Photo credit: Steven Wayne Rotsch/Painet Inc
Will a lame duck down a bobcat bill? Or is Springfield full of fraidy cats
HB4226, which codifies the rebound of bobcats in Illinois and would allow limited hunting,
passed the General Assembly last week and went to Gov. Pat Quinn.
That’s where it may get interesting.
Scott Bryant, president of the Illinois Federation for.Outdoor Resources, called Friday
concerned that Quinn might veto the bill, which would allow the IDNR to establish a very
limited hunting season (one per hunter) for bobcats beginning next fall. IFOR
represents 100,000 sportsmen and women from 67 affiliated organizations.
At first, I didn’t put much credence in that fear; now I am not so sure. The IDNR has
been assisting with the bill, which was introduced by Rep. Brandon Phelps (D-Harrisburg).
However, on Tuesday, IDNR director Marc Miller did not return calls because
he was “traveling.’’
“We are reviewing the bill’’ is all that Quinn press secretary Grant Klinzman emailed.
There are no known dates or plans for a bill signing.
Quinn has postured as a conservation governor. A veto would be a major black mark
on that stance, especially since bobcats are a major gain in Illinois outdoors.
“The fact that we are discussing a hunting season for bobcats is a conservation success
story,’’ IDNR spokesman Chris Young emailed. “Bobcats were at such low numbers they
were listed as a state-threatened species in the late 1970s, and have rebounded strongly.
“Few people realize that many common species of Illinois wildlife such as deer, turkeys
and river otters also were once nearly extirpated, but came back due to reintroductions,
habitat conservation and later – regulated hunting.
“Hunters pay the freight for conservation through their purchases of licenses, permits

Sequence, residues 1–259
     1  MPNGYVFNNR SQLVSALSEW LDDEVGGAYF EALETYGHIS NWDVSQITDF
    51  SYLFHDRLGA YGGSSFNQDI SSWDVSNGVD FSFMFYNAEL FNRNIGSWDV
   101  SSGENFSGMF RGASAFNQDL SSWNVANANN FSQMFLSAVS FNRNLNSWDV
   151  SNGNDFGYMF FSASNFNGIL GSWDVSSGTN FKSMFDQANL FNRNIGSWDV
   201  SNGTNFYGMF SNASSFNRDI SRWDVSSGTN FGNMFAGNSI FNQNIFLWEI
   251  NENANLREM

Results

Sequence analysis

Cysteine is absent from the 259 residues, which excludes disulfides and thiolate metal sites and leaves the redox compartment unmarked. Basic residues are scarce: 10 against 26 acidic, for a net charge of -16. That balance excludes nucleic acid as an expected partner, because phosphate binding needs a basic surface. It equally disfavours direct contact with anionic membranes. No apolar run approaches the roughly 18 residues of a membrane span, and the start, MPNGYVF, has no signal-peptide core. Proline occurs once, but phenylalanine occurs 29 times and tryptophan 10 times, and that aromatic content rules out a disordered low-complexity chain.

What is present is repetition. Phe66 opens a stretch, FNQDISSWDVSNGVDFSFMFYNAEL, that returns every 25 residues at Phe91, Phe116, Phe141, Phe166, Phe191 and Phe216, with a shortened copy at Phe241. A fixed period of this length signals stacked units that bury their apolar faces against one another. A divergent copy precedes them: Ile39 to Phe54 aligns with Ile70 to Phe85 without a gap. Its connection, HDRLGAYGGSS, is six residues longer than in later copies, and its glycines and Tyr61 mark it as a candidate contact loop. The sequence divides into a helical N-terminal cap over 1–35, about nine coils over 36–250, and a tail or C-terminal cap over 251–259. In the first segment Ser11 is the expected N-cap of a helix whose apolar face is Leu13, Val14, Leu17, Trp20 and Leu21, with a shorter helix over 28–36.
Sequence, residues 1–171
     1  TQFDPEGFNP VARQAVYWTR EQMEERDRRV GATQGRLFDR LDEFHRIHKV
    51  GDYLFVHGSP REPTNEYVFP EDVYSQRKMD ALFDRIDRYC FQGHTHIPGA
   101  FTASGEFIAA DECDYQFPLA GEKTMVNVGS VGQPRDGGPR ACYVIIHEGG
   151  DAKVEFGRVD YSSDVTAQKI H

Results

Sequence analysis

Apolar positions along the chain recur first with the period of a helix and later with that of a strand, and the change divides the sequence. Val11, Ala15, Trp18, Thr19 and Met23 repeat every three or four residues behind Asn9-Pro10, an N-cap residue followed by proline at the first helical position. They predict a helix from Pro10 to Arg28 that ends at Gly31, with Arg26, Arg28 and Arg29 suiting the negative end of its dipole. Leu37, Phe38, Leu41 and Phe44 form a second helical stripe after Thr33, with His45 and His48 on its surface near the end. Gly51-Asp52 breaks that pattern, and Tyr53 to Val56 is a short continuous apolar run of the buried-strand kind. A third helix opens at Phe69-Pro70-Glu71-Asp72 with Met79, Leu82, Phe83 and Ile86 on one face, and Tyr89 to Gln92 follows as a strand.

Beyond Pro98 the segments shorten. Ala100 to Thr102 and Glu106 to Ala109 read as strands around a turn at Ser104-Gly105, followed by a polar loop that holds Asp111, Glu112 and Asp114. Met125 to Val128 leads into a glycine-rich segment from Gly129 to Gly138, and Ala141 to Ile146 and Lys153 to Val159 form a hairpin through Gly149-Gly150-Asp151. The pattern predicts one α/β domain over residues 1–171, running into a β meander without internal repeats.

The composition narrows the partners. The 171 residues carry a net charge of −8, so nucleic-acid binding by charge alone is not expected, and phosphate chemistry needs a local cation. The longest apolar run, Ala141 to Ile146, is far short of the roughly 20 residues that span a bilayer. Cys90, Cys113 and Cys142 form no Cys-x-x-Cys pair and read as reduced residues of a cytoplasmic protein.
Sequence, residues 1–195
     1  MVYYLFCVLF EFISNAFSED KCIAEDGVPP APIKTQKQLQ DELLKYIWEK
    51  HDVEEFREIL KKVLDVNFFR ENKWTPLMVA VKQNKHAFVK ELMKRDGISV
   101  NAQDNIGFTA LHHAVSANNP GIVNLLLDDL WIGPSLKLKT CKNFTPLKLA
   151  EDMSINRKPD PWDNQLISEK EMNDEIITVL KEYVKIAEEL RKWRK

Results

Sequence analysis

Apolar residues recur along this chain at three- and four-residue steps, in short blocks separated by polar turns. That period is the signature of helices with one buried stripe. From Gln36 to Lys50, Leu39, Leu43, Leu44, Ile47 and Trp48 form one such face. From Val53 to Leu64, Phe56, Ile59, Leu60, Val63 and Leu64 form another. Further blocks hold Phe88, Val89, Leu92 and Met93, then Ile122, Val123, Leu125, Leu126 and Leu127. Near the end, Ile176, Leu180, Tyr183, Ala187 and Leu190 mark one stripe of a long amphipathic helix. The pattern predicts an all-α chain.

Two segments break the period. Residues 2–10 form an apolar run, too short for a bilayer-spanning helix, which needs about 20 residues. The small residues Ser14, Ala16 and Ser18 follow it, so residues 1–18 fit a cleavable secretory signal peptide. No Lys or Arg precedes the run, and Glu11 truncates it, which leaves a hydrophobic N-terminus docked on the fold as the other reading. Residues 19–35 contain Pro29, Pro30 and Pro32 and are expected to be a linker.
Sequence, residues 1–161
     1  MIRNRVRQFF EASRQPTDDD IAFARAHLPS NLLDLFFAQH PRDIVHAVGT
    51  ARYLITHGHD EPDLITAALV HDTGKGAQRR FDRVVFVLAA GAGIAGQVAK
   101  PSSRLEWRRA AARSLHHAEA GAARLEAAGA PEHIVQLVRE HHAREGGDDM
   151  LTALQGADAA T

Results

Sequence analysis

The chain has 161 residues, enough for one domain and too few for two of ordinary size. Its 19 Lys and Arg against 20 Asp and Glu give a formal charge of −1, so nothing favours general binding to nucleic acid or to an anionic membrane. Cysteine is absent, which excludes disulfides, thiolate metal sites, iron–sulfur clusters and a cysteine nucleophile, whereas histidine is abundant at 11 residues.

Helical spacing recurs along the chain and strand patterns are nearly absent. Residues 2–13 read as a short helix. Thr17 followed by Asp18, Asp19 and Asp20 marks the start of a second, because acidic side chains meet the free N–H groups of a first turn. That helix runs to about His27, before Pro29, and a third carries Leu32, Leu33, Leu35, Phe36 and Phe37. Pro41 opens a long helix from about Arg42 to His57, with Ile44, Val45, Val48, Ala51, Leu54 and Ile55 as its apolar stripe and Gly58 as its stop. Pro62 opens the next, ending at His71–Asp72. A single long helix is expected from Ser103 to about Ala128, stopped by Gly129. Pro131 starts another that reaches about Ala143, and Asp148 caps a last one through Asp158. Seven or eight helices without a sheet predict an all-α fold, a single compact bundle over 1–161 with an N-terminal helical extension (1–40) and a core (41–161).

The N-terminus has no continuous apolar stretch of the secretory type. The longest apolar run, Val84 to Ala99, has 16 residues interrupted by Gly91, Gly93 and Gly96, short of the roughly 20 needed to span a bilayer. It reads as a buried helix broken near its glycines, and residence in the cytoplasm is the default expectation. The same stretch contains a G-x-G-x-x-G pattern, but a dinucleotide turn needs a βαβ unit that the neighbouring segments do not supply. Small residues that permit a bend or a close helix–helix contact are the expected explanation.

and stamps. Hunters also play a key role in management of various species once restoration
is complete and we move into the next phase which is to maintain populations at a
healthy and stable level.’’
But odd things happen swirl around lame ducks.
(bullet) Charlie Potter, considered by some (including me) the leading candidate for IDNR director under his friend, Gov-elect Bruce Rauner, said Monday afternoon that he had not been contacted about the role.
HUNTING NOTES: Taxidermists were seeing more traffic after Illinois’ firearm seasons
(the second season ended Sunday). And harvest was up. Illinois hunters reported 76,547
deer during the firearm deer seasons. That’s up from the 74,318 last year.
(bullet) Duck season ends in Illinois’ north zone on Tuesday. Both Wolf and Heidecke
lakes will have open water for the final days. Heidecke site superintendent Joe Giacone
said ice may make the north side tough, but he also said the lake has good numbers of
ducks. Wolf has been extremely slow. With ice disappearing, duck and goose hunting has
been dismal at Braidwood Lake (only seven ducks on Sunday), which is in the central zone.
STRAY CAST: The Sox signing Jeff Samardzija made pitching coach Don Cooper
sound civil, which is tough as making a burbot look attractive.